An ongoing land boundary dispute in Terrenceville on the Burin Peninsula might at first glance bring to mind the legendary Hatfields and McCoys feud of Kentucky and West Virginia in the late 1800s.
But the Terrenceville feud is of no comparison to the violence and blood-letting that went on between the Hatfied and McCoy families.
What is happening in Terrenceville — mainly between James and Vera Lavhey and their neighbour Patrick Hickey — has become more of a nuisance to police and justice officials, and is something that can be readily settled in Newfoundland and Labrador Supreme Court under the Quieting of Titles Act, but both sides seem to continue to aggravate each other, resulting in police visits and court appearances.
The latest visit to the provincial court in Grand Bank resulted in a ruling from Judge Harold Porter Wednesday that dismissed four applications for no-contact orders between the parties. In the decision, Porter outlined the history of the dispute and concluded that criminal court was no substitute for what should be settled under the Quieting of Titles Act.
“The parties are neighbours, with a long-standing disagreement about the metes and bounds of their respective properties,” Porter said. “They have not sought the resolution of the property dispute in the Supreme Court. This court does not exercise jurisdiction over land title disputes.
“The parties have now crossed the Rubicon (point of no return) in terms of being vexatious litigants. To grant the discretionary orders of recognizances would risk validating their resort to criminal procedure in lieu of civil action. They are not really in fear of one another — if they were, they would not have anything to do with each other. Even if they were in fear, issuing a court order would risk that order then being used to snare the other party in further criminal prosecution. It would therefore be contrary to the public interest to order a recognizance against any of the parties. As a result, all four applications are dismissed.”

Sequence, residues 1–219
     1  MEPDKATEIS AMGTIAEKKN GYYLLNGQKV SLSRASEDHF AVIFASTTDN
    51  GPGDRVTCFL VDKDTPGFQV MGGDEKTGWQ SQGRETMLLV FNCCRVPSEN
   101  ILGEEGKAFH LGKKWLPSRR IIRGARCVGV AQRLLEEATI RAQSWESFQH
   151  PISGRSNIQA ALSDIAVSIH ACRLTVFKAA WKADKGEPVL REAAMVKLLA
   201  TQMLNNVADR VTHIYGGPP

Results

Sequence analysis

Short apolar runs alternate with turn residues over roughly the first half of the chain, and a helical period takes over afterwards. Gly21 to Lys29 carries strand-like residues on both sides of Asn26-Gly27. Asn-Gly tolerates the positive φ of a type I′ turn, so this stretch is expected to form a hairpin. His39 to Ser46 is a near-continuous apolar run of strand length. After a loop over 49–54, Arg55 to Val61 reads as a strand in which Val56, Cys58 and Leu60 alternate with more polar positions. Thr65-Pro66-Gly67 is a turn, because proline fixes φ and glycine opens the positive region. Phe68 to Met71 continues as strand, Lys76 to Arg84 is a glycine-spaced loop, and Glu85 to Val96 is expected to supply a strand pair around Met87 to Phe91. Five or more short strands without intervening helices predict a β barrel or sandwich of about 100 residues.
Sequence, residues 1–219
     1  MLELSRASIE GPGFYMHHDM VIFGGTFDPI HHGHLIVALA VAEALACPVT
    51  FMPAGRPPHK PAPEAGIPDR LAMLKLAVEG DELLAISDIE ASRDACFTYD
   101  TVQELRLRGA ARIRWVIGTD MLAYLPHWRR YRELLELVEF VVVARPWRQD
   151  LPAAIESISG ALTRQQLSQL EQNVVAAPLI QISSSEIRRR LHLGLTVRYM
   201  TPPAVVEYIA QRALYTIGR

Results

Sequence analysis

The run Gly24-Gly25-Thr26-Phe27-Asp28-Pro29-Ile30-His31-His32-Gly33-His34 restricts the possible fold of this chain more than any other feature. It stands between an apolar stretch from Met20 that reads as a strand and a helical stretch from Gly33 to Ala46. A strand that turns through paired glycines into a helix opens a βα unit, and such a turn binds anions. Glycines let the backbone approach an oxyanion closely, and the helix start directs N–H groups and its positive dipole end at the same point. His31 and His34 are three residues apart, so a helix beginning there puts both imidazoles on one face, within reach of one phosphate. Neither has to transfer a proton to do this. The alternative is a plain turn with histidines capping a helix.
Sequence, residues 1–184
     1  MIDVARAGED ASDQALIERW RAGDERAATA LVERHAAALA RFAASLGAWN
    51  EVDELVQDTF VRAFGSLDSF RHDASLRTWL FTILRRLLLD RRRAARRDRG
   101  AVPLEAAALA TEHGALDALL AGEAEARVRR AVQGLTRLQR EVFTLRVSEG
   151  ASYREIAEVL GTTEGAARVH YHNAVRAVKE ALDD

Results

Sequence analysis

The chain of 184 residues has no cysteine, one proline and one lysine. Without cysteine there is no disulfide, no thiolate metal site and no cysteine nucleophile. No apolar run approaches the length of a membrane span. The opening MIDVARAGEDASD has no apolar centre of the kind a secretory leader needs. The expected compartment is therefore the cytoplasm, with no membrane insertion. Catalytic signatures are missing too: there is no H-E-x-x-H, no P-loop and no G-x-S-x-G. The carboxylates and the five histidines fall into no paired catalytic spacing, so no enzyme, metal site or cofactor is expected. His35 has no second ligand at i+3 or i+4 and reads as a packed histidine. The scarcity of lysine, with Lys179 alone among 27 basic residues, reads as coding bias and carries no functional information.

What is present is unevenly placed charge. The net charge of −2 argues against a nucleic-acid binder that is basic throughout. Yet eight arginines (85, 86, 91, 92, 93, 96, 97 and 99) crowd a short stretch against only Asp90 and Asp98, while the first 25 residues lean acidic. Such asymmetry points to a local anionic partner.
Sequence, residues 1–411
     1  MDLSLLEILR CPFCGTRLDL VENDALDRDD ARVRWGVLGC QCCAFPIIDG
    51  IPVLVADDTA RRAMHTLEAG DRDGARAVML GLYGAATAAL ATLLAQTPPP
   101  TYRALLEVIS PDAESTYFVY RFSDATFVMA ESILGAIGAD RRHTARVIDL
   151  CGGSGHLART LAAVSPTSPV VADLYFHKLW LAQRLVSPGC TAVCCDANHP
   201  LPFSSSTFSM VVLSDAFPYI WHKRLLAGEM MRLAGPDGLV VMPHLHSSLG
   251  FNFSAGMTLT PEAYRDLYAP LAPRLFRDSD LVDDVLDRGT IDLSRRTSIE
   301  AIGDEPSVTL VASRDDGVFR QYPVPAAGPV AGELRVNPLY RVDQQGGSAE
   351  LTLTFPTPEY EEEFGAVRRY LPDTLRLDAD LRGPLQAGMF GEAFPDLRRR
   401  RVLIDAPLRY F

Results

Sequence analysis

The Lavheys and Hickey disagree where the line between their respective properties is, and had frequent unruly interactions over the issue. Many of the interactions have resulted in calls to the police, and Hickey has often been arrested and charged with various offences.
In the latest round, both sides were not represented by counsel and “took full advantage of the right to cross-examine each other,” Porter noted.
“That tended to devolve into argument, and repeatedly returned to the live issue of title to the land between their respective residences.”
Both sides brought pictures and video to the court to support their arguments — most of the photographs showed the general area of the contested land, as well as some out buildings and an old truck wreck.
“Apparently the town council had ordered the removal of the truck from the area as an eyesore,” the judge’s decision noted. “The truck had belonged to Hickey, but sat on land claimed by both parties.”
Incidents the court has heard include the setting of fires by both parties — when the wind was favourable — to allow smoke to blow over each other’s property. James Lavhey testified, Porter said, that he had no control over the wind, or how the wind took the smoke from his fire toward Hickey’s home.
There are allegations of Hickey throwing a gas tank in the vicinity of James Lavhey, and of Hickey blocking James Lavhey from plowing snow and threatening to punch Lavhey in the face. There were other allegations of harassment and of Hickey tossing rocks and other debris in a ditch James Lavhey was excavating.
In relation to Vera Lavhey, the court decision notes she had said she is “afraid in her own home.”
A video, however, shows her on one occasion physically separating her husband and Hickey during an altercation.
Porter said, “There is a reason to doubt the professed fear of Mr. Hickey.”
Hickey claims the Lavheys are slowly stealing his land. He says they are excavating the land, moving the property line back toward his home. He claims a road that James Lavhey is building to gain access to a parcel of land for Lavhey’s son takes in some of his land.
Lavhey has claimed squatter’s rights to the land.
“Given the nature of the source of the conflict between the parties, the appropriate forum for resolution of their dispute over the metes and bounds of their properties is in the Supreme Court, pursuant to the Quieting of Titles Act,” Porter concluded. “The criminal law is not a substitute for the Quieting of Titles Act.”